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I was just asked this question by my company who is investing in a Clojure application and I did not have a good answer? Can anyone, in all seriousness tell me what would happen to Clojure if Rich left the project?

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3 Answers 3

A lot of development on Clojure comes from Relevance Inc., where many of the Clojure stars work, and from Clojure/core, an initiative of Relevance, not (yet) a separate company, which provides consulting on Clojure and fosters development on the language.

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There are quite a few Clojure gurus around now. Just look at the list of authors for the various respected Clojure books to find a kernel of them. Rich Hickey is important to Clojure but I think Clojure may just have a large enough kernel of power users to survive his being hit by a bus.

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When Chuck Norris is hit by bus, bus suffers –  user1249 Apr 6 '11 at 13:51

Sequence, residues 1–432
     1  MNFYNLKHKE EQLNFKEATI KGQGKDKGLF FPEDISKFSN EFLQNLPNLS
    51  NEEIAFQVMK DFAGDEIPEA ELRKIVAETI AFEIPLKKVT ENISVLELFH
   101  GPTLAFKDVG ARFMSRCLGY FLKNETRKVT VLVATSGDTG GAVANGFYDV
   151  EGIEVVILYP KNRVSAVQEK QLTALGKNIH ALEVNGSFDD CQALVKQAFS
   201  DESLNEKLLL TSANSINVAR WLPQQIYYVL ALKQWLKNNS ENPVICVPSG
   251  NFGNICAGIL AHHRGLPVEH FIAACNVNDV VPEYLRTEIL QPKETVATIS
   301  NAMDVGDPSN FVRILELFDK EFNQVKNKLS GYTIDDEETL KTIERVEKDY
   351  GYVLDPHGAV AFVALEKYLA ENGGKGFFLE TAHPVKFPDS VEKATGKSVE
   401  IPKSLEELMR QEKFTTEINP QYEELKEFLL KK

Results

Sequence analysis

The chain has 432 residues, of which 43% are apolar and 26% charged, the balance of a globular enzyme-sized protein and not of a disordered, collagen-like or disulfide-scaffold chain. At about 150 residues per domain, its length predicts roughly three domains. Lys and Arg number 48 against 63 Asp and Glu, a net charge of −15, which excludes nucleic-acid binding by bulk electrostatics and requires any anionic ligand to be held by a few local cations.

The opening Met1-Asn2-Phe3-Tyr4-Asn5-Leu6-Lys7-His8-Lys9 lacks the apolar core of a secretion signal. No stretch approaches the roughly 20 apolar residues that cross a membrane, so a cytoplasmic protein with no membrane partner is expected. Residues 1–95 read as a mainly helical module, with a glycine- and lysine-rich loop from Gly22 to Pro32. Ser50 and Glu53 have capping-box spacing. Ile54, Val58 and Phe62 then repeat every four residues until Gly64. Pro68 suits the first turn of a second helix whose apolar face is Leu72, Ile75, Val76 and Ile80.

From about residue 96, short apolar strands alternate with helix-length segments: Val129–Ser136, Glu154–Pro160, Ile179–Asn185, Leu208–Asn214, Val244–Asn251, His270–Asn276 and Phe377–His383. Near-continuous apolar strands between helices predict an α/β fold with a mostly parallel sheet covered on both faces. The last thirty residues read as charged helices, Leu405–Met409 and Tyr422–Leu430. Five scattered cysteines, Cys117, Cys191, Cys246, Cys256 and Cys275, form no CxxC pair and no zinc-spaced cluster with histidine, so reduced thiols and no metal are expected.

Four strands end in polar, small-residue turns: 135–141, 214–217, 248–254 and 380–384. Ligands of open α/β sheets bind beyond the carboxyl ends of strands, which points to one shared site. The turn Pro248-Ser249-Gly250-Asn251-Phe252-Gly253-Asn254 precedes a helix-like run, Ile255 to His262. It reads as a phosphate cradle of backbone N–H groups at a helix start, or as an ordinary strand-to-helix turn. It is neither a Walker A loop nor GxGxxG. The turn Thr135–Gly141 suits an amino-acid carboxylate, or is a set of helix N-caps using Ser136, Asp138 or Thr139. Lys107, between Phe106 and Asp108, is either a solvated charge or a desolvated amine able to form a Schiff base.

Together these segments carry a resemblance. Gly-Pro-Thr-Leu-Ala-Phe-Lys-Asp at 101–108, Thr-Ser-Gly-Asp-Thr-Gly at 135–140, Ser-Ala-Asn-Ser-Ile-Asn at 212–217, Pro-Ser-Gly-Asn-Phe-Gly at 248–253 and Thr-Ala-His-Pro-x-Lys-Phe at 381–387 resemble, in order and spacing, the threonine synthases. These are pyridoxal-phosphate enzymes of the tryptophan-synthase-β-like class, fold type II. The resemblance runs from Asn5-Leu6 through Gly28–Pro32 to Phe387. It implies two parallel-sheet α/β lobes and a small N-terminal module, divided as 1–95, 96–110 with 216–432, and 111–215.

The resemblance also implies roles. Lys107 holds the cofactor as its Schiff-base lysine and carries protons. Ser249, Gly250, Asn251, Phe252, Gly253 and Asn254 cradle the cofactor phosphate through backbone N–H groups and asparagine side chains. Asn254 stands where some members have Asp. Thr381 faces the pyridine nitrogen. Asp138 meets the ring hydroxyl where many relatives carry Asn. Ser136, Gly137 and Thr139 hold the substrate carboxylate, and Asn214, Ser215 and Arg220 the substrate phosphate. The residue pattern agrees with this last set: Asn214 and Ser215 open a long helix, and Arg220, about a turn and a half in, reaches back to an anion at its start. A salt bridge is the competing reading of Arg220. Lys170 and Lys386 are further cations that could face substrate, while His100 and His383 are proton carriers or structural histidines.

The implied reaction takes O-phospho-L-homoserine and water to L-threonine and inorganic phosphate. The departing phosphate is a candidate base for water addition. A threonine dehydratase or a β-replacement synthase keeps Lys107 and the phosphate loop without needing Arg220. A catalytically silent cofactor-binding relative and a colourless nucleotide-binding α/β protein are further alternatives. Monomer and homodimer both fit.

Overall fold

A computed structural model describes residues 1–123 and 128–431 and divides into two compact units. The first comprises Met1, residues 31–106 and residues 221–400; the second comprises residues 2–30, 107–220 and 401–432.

Do those power users help maintain the compiler? –  Robert Harvey Mar 14 '12 at 15:07
so it'll survive if Richard Alpert asks a disgruntled ex-wife of Hickey to come and work for Mittelos... –  rickyduck Mar 14 '12 at 16:52
When Rich Hickey is hit by a bus, he survives, looks up the meaning of word survival in a dictionary and creates another awesome talk on Infoq. –  Simon Polak Feb 6 at 2:08

Don't know about Clojure, but I am not aware of any high-profile open source project that survived being abandoned by its founder.

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JRuby, Jython, IronRuby, Ruby Shoes, Hackety Hack, Hpricot, Camping are just the first ones that spring to mind. –  Jörg W Mittag Apr 6 '11 at 13:45
Can you give some examples? –  Zubair Apr 6 '11 at 16:00
Ousterhout left Tcl a decade back. Tcl is still one of the most widely used scripting tools in the semiconductor industry if not the most widely used. –  Fanatic23 Apr 6 '11 at 18:22
There is a good example of another JVM language abandoned by his author in the early stages: Groovy! It didn't turn out too bad. –  Damien Apr 7 '11 at 14:19
Being abandoned by the founder is a different situation then a dead founder. Abandonment reflects poorly on the project. It implies the founder found something better. However, a project has no responsibility to make it's founder immune to busses. Well, a typical one doesn't. –  CandiedOrange Feb 8 at 21:34

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